July 20, 2014

Keeping Score

Have you ever had a friend or acquaintance that you believed always had your best interests at heart? Did you trust that person with all your deepest secrets and dreams? Did you both help each other when you could, and were you both there when the other person needed a shoulder to cry on or an ear to just listen? Were you each other’s confidant and confessor? Did either of you ever doubt the other’s intention or dedication?

Sounds like the best of all worlds. Sounds like a great partner in business, but also in life, doesn’t it? This person actually had your life’s best at heart and really cared if you stumbled or succeeded. This was the greatest definition of a networking partner, not just in business but also in your personal life. You were comfortable, appreciative, and always had the other person’s best in your advice, caring, actions, and thoughts. You tried to support them as they did.

You never failed to take their phone call, and you always answered their emails. You shared their dreams, fears, and plans, just as they did yours. Maybe you knew each other over the span of decades, not just years; maybe you were acquaintances for only a short time. You were “there” for each other when the time meant that one of you needed someone. You always knew that you had someone to reach out to when you had to do so.

Then one day, you discovered that this friend, this partner in business or your personal lives, was keeping score of all that took place between the two of you. This person was tallying up what they did versus what you did for each other. This person was upset when the score seemed to be unbalanced in your favor. If you asked for them to remember something that you did for them, they rebuked you saying that they “didn’t ask you to do it”, acting like you only operated out of pity.

This person who you trusted more than most people in your life reminded you of all that they had done for you, not understanding that sometimes you may have not wanted or needed their actions. Just because they wanted you to engage in some action, you do have your own life to lead, for better or worse. Suddenly you discovered that this person was jealous of your success in some area or envious of what you had accomplished. Your past relationship no longer mattered; the tally was unbalanced in their eyes and mind.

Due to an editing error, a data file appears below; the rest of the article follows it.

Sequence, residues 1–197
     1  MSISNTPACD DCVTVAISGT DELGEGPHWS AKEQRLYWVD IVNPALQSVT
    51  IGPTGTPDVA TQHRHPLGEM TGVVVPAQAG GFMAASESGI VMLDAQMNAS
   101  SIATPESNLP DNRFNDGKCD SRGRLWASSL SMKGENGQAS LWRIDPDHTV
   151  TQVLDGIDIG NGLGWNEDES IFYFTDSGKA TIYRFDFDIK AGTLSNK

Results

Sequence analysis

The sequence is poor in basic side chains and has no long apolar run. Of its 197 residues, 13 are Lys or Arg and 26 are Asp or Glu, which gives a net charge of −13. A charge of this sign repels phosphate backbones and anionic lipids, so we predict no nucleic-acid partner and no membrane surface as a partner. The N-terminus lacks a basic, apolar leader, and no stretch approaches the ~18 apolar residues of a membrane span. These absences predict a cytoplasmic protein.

I was told once that marriage, like friendships, is 50/50. I do not believe that this is true. I believe that marriage, friendships, and networking partnerships are 100/100. It doesn’t matter who in the relationship needs something. When, the other person must be “there”, they should be “there”. Sometimes one person is strong; sometimes it is the other. No one ever keeps score. That is the practice that makes relationships succeed and partnerships prosper for both parties.

You may not believe that your networking partners are as close as your marriage partner, or your significant other, but they can have the same level of impact on your life. Make sure that the impact that you have on your partners is positive and meaningful in the best manner. Never prejudge anyone before you get to know them, never hold grudges, and never, ever keep score. Leave that to karma; she can be the best score keeper there is. You have better things to do in your life.

Please leave me your comments, or email me at Jim@JimTeasley.com, or call me at 360-314-8691. Remember your networking partners need your support, your advice, and your ear and shoulder. Be there for them, and they will be there for you. Do not be afraid to reach out to them for help, but also reach out to them to help if they need you. A great partner will provide advice without being asked for it and will never keep score.

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